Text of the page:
WASHINGTON, Aug. 10 (Xinhua) -- U.S. core inflation in July rose by the fastest pace in a decade, keeping the Federal Reserve on track to gradually increase interest rates, the Labor Department reported on Friday.
The consumer price index (CPI) in July increased 0.2 percent from a month earlier and 2.9 percent from a year ago, matching market expectations. But excluding the volatile food and energy components, the so-called core CPI rose 2.4 percent from a year earlier, the biggest jump since September 2008, according to the department.
Fed officials see core inflation as a more reliable gauge of underlying price pressures. As the U.S. labor market moves close to full employment and the Trump administration's new tariffs against imports pushes up raw material costs, U.S. inflation pressures will continue to build up, analysts said.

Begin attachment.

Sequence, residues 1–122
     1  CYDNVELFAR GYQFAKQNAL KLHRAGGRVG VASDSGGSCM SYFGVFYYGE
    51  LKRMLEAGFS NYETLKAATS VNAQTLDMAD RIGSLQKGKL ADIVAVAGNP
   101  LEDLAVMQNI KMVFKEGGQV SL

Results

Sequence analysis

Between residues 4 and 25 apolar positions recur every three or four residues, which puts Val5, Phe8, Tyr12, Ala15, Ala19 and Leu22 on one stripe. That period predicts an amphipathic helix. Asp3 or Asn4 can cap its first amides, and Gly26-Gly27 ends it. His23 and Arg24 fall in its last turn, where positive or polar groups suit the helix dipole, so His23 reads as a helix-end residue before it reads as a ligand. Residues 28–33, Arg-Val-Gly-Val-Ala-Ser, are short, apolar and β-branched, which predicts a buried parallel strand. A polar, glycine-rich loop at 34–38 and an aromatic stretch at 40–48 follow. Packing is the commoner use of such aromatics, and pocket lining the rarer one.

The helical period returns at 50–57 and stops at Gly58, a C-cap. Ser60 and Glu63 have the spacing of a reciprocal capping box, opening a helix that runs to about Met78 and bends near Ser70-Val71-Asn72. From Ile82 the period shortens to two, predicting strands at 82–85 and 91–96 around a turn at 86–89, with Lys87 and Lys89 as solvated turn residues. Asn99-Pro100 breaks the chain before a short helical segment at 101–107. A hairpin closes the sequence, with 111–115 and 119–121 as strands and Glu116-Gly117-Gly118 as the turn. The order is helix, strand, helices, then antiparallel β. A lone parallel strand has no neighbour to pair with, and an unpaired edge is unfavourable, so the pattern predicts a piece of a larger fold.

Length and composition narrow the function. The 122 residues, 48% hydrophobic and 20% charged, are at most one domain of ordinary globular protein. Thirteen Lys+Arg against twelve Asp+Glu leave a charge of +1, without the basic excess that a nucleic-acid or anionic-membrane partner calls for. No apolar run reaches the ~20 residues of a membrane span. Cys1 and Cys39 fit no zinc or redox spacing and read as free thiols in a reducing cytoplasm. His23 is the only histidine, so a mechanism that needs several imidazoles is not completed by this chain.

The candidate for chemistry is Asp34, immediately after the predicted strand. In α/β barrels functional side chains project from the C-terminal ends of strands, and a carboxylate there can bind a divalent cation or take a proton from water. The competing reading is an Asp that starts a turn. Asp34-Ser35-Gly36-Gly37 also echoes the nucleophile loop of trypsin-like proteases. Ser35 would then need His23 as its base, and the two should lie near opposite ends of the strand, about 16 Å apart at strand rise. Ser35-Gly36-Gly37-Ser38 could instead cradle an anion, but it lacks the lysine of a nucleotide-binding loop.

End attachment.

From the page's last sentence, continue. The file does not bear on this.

The Fed in June increased interest rates for the second time this year, and penciled in two more rate hikes for the year. Most market participants expected the central bank to raise rates again in September and December.
Fed Chairman Jerome Powell told lawmakers last month that for now, "the best way forward" for the central bank is to keep gradually raising interest rates.